This is crucial stuff for those seeking to convince UK and other parties and politicians to invest more in online but we don't yet have real studies or much data on offline effects, i.e. how many extra votes, new voters, convinced late deciders or new organisers the online campaigns have generated over previous tools, such as direct-mail, or traditional shoe-leather methods. This will undoubtedly happen in the post mortems but the evidence already points to a real effect, particularly in generating momentum.
As I noted earlier, Obama's online edge obviously hasn't pushed him over the top but traditional negative campaigning has been seen to hold him up. Similarly, Ron Paul's massed online supporters couldn't translate that into votes, although they did work alongside a central operation which didn't properly harness that energy.
As web campaigning guru Patrick Ruffini puts it: "Ultimately, it’s all about fundamentals. If a candidate doesn’t have mainstream appeal and isn’t ready for prime-time, Internet activism isn’t going to make a difference." There are a lot of competing, complex factors in actual vote generation which will only be unpicked and properly analysed later.
Online to offline
The two main tools which Obama has used are:
- a social networking tool that helps self-organisation
- a tool which translates that into a get-out-the-vote operation
Get-out-the-vote for Obama used a - crucially - distributed deployment of the Voter Activation Network (VAN). It can generate what's called 'precinct walk and call sheets' as well as a virtual phonebank and lots more.Republicans have used the Voter Vault database from the late nineties and very effectively in the 2000 and 2004 Presidential, but in a closed and centralised way (the Tories also have this). This was enhanced by using commercially available data right down to pizza toping choices to profile potential supporters.
VAN was deployed by the Obama campaign using volunteers who went through a Camp Obama training session, which could either cover a weekend or ten minutes training via video and written tutorials. Much of the work in developing the tools was done by volunteers. What it utilised was in-group, including Knitters for Obama, and local contacts contained in VAN.
Texas Obama Precinct Captains homepage
In California this led to:
- An initial 105,000 contacts statewide through the social networking tool
- Of those, more than 10,000 signed up to be precinct (local) captains
- 7,000 or so VAN login accounts were deployed
- Of those, four to five thousand became active
Those people then managed more than 60% of the average 100,000 contact attempts per day, 40% came from more traditional phonebanks. In the whole state more than 10% of eventual Obama voters had been contacted by a neighbour — which is unprecedented.
Campaign geek volunteers also developed a predictive analytic model using live feedback from those calls to refocus pro-actively on more specific demographic pockets.
The Clinton campaign in California focused on absentee, early voters using the Catalist toolbox.
What the better use of volunteer energy in California meant for the Obama campaign was more central resource spend available for the other Primaries on Super Tuesday and the following eleven straight wins. Plus the bottom-up drive led to Obama's one million donors — by some counts already as many individual donors than the entire Bush campaign of 2000, and almost as much as Kerry 2004.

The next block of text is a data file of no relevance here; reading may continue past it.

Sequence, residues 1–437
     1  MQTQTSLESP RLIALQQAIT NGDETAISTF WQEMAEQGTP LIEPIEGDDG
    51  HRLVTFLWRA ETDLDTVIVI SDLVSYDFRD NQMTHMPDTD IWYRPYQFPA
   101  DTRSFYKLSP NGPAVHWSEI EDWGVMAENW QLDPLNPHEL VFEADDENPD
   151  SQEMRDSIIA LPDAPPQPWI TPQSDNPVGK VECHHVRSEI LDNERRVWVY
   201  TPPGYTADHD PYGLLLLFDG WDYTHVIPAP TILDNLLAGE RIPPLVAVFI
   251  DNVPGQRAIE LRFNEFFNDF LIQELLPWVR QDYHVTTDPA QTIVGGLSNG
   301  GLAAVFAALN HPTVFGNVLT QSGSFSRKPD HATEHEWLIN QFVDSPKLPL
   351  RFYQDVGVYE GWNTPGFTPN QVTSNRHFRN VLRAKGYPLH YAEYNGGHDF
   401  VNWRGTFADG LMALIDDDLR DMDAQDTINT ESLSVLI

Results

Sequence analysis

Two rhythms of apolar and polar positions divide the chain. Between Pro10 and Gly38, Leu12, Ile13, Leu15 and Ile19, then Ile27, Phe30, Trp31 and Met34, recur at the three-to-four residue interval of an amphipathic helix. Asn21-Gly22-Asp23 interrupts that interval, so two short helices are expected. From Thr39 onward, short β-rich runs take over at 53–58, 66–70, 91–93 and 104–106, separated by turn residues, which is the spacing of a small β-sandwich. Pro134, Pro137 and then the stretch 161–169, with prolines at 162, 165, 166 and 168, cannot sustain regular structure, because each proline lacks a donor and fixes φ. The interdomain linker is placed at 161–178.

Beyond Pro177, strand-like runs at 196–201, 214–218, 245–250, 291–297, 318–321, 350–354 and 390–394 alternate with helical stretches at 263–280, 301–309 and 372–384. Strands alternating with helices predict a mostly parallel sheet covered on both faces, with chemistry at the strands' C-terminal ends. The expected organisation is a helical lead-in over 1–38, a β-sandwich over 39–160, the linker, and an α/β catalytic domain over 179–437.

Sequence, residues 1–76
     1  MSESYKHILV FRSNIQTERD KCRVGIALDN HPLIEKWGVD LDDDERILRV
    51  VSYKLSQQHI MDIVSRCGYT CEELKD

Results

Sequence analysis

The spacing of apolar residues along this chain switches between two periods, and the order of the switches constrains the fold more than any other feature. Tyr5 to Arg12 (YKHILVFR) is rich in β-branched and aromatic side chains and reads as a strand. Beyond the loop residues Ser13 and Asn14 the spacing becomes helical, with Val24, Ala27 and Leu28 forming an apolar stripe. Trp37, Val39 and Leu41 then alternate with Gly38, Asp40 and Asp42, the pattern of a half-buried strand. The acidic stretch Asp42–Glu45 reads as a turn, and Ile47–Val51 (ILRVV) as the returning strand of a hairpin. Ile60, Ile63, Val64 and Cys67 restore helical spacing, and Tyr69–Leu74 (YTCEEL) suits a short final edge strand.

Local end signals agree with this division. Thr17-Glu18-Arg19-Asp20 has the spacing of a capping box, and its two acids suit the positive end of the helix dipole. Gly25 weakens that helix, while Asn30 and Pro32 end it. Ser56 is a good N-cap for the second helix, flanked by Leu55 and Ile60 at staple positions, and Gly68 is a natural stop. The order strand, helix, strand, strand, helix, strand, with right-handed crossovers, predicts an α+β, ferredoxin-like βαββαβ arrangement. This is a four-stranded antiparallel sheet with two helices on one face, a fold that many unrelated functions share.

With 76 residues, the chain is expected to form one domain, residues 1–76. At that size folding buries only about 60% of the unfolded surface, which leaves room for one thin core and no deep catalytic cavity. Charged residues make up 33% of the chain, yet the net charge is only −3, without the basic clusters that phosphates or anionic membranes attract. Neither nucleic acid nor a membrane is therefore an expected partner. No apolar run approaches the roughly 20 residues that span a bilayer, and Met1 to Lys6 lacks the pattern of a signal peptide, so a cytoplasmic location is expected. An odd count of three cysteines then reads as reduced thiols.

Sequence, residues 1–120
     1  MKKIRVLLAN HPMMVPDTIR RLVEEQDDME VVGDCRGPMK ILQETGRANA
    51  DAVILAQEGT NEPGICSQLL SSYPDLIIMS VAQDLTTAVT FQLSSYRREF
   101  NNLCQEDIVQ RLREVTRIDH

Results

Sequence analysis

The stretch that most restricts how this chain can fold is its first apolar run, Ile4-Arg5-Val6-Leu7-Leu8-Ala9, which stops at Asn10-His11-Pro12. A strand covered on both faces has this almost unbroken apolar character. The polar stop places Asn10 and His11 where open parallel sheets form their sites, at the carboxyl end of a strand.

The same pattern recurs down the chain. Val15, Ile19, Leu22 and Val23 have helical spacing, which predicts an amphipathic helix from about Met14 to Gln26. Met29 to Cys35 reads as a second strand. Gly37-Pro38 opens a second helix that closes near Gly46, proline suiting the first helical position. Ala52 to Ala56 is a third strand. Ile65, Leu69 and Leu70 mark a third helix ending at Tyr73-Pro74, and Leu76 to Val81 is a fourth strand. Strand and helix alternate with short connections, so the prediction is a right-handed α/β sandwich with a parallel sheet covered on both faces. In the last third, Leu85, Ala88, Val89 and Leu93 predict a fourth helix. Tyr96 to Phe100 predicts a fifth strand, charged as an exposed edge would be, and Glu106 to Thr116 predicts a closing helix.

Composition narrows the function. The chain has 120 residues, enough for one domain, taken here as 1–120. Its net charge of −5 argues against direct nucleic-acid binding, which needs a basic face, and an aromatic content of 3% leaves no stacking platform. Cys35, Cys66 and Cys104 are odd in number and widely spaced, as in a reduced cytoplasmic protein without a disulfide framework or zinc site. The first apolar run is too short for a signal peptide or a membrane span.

Some of the issues which remain unresolved or in early development are:
- scaling up and strengthening capacity
- can these volunteer networks be used to repel smears?
- earlier use to target mail-in voters (as Clinton has done)
- retaining and using volunteer energy post-campaign
- what will the diversification of fundraising away from big money interests mean?
- what will happen when all campaigns are using the same toolboxes and tactics?
What's been missing thus far is much use of online marketing energy and tools, in particular geo-targeting. This is the method of determining the physical location of a website visitor and delivering different content to that visitor based on location, such as country, region/state, city, postcode, organisation, ISP or other criteria.
Email marketing still dominates expenditures (62%) with display, search and video ads just 11% of online budgets (the balance is for web development, with many more local candidate sites). Only $78m is expected for total online spend by all candidates in the primary campaign. Which could be less than the Clinton campaign spends on doughnuts and pizza runs.
One reason why online ad spends are so low is that consultants cannot make as much money from it.
What web advertising there has been has actually been dominated by McCain and Romney with the Obama campaign spending very little, although they did run "Have you tried the convenience of early voting? Find your early-vote location" ads in Texas. These drove users to landing pages featuring a video message from Obama but apparently didn't work so well on the day for potential volunteers. The Clinton campaign has run virtually no web ads.
All these tools and techniques can also be employed elsewhere.
In the UK internet use is already by a majority, is growing over other media use and is only going one way - up. I would imagine that the Tories are ahead of the game on this (my impression, though I'm advised it may well be the Libdems - it's definitely not Labour) but once the real facts have been unpacked it would be a huge mistake for the other parties to just think 'fundraising' and not recognise that - as well as having a compelling candidate - running from the bottom-up, empowering supporters and making use of the Web's power is really what's behind Obama's success.